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Wednesday, January 04, 2006

The Coal Miners Slaughter 

Click to Send PostcardThere’s no denying that the mining disaster in Sago, West Virginia was a tragedy. And there’s no denying the pain and anguish that relatives, friends and loved ones of the victims must have felt, particularly after rumors that all but one of the miners had been found alive circulated – only to be crushed three long hours later, turning jubilation into sorrow, anger and fury.

But from the beginning, the evocation of miracles by Governor Joe Manchin III, Bennett K. Hatfield, the chief executive of International Coal Group, the mine's owner, and many in the media set the stage for disappointment.

A miracle is essentially defined as a marvelous event manifesting a supernatural act of God. The rumors that first circulated suggested that all of the miners except for fire boss, Terry Helms, whose body was discovered first, had been found alive. It must have been awful for the family of Terry Helms to listen to the jubilation of the other families, officials and news media and wonder what their family member had done that would separate him from the list of those for whom God decided were worthy of a miracle.

As the news media gushed on about miracles, from a breathless CNN’s Anderson Cooper to a wheezing Rita Cosby on MSNBC, it seemed that God still had one or two nasty tricks up his sleeve. Their atrocious display of almost instant piety following the emergence of the truth completely ignored their own role in fueling the rumors, let alone failing to verify the truth from official channels before reporting it as fact or exercising a iota of caution.

Except for reporter Becky Wagoner with local The Inter-Mountain newspaper of Elkins, W.Va. who told Editor & Publisher:

"A lot of the media left to go to the church where family members were located, but I stayed put because this was where every official news conference was given--and we never got anything official here," she said. "Something was not right. Then we were hearing reports that 12 ambulances had gone in [to the mine area] but only one was coming out. There was so much hype that no one considered the fact that there was no [official] update."

Live broadcast coverage is not the only culprit. A failure to check the veracity of the reporting did not stop newspapers like USA Today either. As blogger Freedom Rider pointed out:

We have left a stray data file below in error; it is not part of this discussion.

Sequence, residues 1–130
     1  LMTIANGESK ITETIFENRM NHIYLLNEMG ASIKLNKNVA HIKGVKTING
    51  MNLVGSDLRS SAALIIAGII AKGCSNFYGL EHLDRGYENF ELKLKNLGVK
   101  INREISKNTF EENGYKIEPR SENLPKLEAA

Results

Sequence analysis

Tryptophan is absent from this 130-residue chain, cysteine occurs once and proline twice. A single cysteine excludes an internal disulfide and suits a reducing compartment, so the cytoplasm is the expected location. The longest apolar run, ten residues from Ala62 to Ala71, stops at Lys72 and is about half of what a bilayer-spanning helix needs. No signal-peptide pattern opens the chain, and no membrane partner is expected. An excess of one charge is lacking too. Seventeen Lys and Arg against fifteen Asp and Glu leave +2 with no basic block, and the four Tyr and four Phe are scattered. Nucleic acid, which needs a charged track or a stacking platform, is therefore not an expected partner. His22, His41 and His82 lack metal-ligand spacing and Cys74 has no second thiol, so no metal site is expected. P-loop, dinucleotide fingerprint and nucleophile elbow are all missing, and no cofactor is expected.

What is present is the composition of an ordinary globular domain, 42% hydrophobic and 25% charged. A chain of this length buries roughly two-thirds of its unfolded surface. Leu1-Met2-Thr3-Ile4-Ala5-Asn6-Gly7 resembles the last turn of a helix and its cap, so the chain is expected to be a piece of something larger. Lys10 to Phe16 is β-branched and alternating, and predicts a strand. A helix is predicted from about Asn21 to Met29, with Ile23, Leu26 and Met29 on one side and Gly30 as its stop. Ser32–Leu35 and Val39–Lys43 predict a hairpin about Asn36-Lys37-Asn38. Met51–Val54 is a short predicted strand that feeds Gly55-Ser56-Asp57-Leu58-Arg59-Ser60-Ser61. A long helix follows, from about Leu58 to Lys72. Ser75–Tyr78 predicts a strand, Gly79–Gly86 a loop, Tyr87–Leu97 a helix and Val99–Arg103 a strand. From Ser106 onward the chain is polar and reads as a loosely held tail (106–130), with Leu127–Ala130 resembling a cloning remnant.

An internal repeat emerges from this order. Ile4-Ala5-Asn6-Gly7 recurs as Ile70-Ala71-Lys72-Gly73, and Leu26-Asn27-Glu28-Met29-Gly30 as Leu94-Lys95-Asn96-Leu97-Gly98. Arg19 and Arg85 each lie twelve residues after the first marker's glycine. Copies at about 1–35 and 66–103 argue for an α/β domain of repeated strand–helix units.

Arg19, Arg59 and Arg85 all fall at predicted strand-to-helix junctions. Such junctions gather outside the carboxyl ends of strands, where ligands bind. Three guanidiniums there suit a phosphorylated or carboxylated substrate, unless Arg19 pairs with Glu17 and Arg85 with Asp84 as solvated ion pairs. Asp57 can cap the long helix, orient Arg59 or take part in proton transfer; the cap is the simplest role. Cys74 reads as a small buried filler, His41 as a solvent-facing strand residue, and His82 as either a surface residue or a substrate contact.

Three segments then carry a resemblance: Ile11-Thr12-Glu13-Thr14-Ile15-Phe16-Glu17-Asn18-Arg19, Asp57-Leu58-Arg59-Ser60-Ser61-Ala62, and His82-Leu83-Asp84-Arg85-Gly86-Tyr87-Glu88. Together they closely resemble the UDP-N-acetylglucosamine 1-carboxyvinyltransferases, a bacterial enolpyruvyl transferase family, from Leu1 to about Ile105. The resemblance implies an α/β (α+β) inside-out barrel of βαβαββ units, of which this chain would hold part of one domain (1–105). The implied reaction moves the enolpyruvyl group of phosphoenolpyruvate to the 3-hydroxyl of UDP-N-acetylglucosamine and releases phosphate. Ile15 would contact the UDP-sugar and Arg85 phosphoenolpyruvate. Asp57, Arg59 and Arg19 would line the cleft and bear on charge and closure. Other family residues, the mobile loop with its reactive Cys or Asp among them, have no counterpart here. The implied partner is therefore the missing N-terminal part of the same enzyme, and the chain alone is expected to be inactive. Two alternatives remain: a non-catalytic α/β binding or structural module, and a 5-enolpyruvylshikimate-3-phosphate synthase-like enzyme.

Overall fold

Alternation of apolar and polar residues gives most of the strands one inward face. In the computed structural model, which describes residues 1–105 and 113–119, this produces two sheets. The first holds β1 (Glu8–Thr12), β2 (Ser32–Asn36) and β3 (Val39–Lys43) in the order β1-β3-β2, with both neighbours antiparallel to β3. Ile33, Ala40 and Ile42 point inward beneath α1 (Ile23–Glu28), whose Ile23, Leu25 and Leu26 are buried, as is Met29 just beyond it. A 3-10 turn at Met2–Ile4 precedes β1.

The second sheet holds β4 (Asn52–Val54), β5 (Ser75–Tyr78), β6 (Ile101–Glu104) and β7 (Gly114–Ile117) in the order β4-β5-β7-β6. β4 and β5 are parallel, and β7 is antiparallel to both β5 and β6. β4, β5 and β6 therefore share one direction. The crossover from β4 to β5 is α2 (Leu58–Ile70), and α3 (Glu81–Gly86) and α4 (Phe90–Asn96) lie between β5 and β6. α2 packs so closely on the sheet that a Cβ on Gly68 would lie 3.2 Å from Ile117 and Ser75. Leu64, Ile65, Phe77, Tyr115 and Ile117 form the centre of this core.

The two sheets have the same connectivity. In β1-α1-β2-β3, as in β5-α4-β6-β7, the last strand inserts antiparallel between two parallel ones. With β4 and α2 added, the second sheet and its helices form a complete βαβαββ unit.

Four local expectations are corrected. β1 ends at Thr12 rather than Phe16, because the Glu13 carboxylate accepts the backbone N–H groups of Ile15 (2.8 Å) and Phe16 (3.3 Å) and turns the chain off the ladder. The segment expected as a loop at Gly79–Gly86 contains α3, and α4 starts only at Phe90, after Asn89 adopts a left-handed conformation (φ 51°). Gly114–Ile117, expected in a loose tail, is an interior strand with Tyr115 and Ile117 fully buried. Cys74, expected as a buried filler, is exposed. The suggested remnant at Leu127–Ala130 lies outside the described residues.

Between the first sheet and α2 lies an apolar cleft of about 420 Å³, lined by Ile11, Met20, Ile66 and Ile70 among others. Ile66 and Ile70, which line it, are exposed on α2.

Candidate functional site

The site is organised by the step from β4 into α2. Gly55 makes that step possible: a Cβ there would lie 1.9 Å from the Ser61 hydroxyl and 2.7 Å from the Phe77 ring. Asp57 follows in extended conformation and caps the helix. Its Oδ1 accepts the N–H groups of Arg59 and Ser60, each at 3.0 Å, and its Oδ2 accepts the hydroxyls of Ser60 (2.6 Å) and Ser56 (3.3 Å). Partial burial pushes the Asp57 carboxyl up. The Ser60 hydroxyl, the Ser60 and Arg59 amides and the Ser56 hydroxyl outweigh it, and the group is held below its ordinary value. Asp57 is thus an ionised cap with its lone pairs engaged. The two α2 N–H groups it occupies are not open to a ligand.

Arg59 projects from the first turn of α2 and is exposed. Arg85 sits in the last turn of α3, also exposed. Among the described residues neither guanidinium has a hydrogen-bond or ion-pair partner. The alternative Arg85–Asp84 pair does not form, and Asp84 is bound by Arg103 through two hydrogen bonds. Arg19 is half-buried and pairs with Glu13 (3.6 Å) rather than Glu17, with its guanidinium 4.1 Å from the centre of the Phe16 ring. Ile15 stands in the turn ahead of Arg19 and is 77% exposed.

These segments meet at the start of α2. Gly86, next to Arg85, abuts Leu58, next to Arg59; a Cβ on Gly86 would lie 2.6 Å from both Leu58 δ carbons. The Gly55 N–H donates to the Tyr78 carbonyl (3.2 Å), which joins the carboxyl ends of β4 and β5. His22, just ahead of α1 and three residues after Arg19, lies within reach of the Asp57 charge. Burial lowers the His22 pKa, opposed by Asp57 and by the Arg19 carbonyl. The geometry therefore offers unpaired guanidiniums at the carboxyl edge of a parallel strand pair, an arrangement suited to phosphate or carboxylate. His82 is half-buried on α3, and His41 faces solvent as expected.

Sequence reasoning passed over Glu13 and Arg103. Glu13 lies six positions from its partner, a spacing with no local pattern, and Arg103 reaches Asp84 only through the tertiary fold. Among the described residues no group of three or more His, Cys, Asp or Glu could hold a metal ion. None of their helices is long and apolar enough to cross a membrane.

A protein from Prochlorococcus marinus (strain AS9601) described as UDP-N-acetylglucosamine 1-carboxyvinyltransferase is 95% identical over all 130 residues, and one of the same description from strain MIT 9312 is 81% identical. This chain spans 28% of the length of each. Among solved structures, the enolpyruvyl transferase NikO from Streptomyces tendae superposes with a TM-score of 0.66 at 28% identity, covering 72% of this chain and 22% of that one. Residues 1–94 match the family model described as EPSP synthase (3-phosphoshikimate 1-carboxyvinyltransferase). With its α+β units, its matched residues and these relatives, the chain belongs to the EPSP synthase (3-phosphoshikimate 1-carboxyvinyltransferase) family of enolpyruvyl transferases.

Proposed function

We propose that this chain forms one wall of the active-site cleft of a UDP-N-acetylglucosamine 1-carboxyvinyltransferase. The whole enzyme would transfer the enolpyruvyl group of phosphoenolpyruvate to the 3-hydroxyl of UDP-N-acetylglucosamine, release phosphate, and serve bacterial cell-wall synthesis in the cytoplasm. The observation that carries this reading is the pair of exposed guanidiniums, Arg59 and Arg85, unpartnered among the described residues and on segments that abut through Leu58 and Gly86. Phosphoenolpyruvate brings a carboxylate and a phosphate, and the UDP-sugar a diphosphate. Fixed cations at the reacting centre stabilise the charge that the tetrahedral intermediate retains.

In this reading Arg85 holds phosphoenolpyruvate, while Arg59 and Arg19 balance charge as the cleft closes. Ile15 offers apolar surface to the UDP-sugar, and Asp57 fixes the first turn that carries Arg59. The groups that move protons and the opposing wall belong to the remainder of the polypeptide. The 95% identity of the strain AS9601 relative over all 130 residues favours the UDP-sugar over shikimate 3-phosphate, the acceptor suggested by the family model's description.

"Today the Times hedged, a little, but not enough. Their version of bad reporting was '12 Miners Found Alive, Family Members Say.' They were a tiny bit better than the New York Post and Daily News. Their headlines screamed, ALIVE!, MIRACLE! Perhaps tomorrow they will say OOPS! or IS OUR FACE RED!."

Even after the truth emerged, the use of the word miracle by officials continued to dominate their language. "Despite our grief and despair at the loss of our 12 co-workers, we want to celebrate the one miracle that was delivered," said Bennett Hatfield in reference to the one remaining survivor, miner Randal McCloy Jr.

In fact, Governor Manchin's incessant use of the word miracle is what contributed to the confusion and miscommunication. The New York Times reports that according to the Governor's aides, "on his way to the command center the governor was asked 'Is it a miracle?' and responded 'Yes, miracles can happen.' But while friends and family members who were at the scene last night said today that the governor had been part of the confusion, none of the abundant anger was directed at him."

From the Pentagon this morning, President Bush said:

“We send our prayers and heartfelt condolences to the loved ones whose hearts are broken. We ask that the good Lord comfort them in their time of need.”

If He was the one responsible for bestowing and then revoking the miracles to begin with, the question is, why would He offer comfort now? And if this is indeed the work of God, why bother investigating International Coal Group?

It’s time for public officials to comment on and for the media to report on facts, and facts alone, and leave evocations of miracles, God and the supernatural to the privacy of those who have faith in them. Apparently, miracles do happen.

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